When it comes to romantic relationships, women tend to take the lead.
That's according to a study, published in the journal Scientific Reports, that analyses people's relationship dynamics based on the calls and text messages of more than three-million European mobile phone users.
After examining nearly two-billion cellphone calls and close to 500-million texts, researchers said they determined that women are more focused on relationships with the opposite sex than men are during their reproductive years, indicating that women are more invested in creating romantic ties.
"It's the first really strong evidence that romantic relationships are driven by women," co-author Robin Dunbar, a professor at Oxford University, told the BBC.
As women age, however, their grown-up daughters become the people they most frequently contact, replacing their spouses as their "best friends."
"What seems to happen is that women push the 'old man' out to become their second best friend, and he gets called much less often and all her attention is focused on her daughters just at the point at which you are likely to see grandchildren arriving," Prof. Dunbar said.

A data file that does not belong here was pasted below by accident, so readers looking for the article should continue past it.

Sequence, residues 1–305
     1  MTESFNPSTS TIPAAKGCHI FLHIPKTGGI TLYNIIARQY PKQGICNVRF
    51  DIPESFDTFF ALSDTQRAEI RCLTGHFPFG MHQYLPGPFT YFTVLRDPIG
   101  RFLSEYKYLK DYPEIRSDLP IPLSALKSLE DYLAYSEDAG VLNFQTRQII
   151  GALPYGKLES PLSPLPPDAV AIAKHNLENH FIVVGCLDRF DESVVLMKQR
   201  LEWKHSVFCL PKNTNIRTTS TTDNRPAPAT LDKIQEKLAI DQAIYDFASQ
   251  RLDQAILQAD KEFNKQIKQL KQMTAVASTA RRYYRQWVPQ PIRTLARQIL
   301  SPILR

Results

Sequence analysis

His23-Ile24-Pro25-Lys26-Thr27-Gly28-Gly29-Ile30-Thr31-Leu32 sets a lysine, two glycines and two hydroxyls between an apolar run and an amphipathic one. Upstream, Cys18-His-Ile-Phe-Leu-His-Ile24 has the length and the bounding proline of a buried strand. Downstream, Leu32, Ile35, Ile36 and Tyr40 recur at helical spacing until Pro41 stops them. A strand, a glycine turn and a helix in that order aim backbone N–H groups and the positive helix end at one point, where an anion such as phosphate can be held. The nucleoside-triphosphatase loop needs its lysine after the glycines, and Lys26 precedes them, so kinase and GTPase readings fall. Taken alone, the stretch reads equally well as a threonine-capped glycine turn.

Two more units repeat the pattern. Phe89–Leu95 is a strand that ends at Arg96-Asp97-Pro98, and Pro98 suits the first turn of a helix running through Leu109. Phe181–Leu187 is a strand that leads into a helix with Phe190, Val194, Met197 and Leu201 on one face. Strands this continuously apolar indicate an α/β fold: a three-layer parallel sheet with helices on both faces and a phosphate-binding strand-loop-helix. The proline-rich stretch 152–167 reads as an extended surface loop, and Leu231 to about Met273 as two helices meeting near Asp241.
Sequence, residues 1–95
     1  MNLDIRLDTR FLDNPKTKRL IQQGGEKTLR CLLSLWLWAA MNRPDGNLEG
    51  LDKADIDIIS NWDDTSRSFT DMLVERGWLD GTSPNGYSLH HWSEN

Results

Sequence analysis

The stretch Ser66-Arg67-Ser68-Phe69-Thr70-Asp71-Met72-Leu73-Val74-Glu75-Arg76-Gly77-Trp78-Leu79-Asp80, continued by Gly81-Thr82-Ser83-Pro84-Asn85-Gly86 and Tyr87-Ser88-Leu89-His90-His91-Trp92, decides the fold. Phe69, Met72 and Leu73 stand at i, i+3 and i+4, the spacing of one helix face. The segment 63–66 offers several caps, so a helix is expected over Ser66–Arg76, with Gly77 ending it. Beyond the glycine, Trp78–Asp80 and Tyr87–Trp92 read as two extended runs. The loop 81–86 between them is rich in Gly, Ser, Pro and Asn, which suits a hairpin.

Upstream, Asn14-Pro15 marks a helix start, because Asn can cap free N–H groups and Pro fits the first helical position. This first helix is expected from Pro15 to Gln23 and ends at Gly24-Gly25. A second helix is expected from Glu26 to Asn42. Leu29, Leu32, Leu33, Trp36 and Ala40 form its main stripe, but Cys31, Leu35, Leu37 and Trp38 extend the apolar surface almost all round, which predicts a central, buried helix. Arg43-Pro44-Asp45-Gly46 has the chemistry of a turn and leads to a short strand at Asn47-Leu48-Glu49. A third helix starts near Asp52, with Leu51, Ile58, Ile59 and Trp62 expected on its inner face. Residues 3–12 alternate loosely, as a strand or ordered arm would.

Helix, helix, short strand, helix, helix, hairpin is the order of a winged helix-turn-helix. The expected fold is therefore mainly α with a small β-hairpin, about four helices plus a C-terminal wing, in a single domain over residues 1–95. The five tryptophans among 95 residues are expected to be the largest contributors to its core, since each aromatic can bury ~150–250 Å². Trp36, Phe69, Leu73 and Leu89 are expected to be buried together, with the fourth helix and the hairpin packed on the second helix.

BBC reports that men's phone contact with their spouses also declined over time. Men called and texted their spouse most frequently during the first seven years of their relationship, then shifted their attention to other friends. (Of course, one could arguably interpret this another way: If you're spending a lot of time with your spouse, you're probably not contacting them via mobile phone.)
The researchers, who had access to the age and sex of the mobile phone users, said they based their findings on the assumption that mobile-phone communication reflects the most important relationships in people's lives and the level of closeness of those relationships.
Who calls or texts more often: you or your partner? Does your phone use reflect who's most important in your life?